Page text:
"Chaos is not the opposite of rhythm but the milieu of all milieus"
Deleuze & Guattari

Thursday, 23 September 2010


Built for an ailing Ataturk as he neared the end of his life in the 1930s, this trophy house hovers over the sea in a suburban setting just outside Istanbul. Still within a government complex today, you have to wander past armed guards and white timber houses reminiscent of a Floridan retirement community before you reach the striking jetty that leads to the strange building itself. Set off a straight white sand beach, it is a whole-heartedly Modernist architectural example, with light streaming into the white rectangular rooms through large sliding glass doors, long window-lined linear corridors and macho Deco furniture left 'exactly as it was'... ie. arranged as the perfect dolls house for Turkey's republican hero.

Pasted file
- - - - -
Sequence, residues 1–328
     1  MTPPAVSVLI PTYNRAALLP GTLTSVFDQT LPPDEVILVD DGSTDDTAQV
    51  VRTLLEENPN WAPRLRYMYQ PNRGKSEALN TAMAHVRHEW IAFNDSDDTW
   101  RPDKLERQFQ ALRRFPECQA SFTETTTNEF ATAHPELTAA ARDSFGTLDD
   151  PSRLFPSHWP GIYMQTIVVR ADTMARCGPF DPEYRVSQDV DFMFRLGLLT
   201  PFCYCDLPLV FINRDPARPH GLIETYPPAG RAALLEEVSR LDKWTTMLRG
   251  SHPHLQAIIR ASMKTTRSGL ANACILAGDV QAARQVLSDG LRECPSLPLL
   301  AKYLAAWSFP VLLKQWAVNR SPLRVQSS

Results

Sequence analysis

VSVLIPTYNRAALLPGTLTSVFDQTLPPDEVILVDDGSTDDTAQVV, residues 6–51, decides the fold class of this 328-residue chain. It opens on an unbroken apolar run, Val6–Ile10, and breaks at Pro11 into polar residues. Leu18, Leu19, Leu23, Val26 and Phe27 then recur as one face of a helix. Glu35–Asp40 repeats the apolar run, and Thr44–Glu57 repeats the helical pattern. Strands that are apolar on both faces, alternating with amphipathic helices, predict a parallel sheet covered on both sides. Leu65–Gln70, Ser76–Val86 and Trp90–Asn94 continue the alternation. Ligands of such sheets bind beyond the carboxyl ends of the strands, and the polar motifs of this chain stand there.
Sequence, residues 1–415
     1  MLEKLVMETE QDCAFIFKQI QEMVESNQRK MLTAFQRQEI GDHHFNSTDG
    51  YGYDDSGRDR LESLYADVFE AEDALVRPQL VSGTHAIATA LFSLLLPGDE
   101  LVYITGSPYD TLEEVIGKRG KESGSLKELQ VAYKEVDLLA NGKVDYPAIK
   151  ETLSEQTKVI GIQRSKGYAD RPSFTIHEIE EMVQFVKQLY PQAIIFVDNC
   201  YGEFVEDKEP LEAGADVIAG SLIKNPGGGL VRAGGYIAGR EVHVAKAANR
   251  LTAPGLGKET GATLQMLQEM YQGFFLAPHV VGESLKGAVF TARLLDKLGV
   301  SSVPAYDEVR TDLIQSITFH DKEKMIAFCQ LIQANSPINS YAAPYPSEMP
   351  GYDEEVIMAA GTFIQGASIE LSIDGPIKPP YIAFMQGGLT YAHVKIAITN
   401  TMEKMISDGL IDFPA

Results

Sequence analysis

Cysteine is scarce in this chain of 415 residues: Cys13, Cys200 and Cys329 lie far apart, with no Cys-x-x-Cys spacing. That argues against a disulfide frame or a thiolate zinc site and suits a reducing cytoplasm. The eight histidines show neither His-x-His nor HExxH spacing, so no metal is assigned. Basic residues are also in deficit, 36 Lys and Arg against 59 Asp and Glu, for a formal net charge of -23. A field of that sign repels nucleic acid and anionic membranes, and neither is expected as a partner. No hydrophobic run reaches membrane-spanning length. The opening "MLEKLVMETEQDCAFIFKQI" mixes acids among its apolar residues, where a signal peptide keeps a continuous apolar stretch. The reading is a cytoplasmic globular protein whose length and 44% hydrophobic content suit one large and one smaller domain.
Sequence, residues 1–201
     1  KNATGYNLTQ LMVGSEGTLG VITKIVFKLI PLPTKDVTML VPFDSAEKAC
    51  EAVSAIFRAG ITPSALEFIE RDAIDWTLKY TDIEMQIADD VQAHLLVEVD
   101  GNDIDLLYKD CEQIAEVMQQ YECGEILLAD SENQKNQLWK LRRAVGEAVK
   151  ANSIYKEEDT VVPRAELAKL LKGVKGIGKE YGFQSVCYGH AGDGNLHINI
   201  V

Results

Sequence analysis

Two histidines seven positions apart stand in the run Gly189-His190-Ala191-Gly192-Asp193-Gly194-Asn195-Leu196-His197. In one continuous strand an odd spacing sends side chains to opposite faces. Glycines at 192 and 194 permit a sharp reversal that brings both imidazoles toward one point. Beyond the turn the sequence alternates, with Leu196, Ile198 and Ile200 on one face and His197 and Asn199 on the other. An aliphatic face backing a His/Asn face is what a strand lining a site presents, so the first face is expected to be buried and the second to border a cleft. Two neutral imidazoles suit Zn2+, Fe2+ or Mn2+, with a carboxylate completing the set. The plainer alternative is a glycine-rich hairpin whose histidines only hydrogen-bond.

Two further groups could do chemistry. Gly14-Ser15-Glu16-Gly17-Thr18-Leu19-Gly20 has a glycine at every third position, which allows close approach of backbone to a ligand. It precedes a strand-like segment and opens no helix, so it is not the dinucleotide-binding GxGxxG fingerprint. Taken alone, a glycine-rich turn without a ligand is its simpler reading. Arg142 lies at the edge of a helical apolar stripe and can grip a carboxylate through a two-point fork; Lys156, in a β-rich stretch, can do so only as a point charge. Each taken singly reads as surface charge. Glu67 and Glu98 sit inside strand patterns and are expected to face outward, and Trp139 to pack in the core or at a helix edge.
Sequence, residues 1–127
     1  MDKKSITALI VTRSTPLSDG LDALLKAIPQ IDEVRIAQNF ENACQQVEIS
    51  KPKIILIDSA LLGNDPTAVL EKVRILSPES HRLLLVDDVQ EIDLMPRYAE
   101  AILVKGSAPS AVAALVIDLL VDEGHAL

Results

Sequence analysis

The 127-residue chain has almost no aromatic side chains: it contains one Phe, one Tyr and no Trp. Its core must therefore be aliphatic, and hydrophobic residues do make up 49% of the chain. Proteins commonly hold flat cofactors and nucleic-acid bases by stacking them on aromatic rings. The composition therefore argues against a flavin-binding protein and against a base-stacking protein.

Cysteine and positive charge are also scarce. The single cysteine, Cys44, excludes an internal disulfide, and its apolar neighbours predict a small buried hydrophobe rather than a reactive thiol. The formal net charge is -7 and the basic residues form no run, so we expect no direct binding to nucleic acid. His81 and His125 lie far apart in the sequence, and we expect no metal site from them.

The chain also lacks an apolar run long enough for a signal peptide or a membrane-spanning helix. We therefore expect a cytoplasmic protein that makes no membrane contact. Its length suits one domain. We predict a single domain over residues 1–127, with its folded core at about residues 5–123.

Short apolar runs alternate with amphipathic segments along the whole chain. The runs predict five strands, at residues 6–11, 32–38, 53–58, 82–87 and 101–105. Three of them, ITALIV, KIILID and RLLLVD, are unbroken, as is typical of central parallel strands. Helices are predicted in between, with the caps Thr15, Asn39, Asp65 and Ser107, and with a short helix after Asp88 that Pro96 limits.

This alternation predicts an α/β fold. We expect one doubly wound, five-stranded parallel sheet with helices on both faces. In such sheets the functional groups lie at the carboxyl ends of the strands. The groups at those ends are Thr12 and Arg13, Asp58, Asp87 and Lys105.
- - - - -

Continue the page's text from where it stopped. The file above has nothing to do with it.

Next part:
Even when inhabited by Ataturk it possessed this performative quality. Positioned precariously over the sea, his presence here was all about projecting an image of good health as well as popular condescension through his bathing on the same beach as 'the people'. Access to the beach was in fact controlled and Ataturk never stayed here long.

Once inside, the non-functionality of the place as a real home of this 'machine for living' is unnerving. The little set-like rooms - the children's rooms, study, meeting room, master bedroom and guest suite (where Wallace Simpson and the Duke of Windsor, the abdicated king, stayed) all feel flimsy and cramped and the whole place is just so exposed.

BUT it is a beautiful structure that epitomises the healthy living iconography of the Modernist project, highlighted by the completely brilliant items of clothing displayed in a cabinet in the house. Sadly I didn't take photos but laid out (in a hilariously stately fashion considering they are basically a precursor to Speedos) are some amazing high waisted navy blue swimming trunks with white elasticated belt with huge shiny clunky buckle, also some fantastic woven sandals that would look at home on a Marni catwalk and a beige linen bath robe covered in red and navy polka dots. Obviously a stylish swimmer was Ataturk.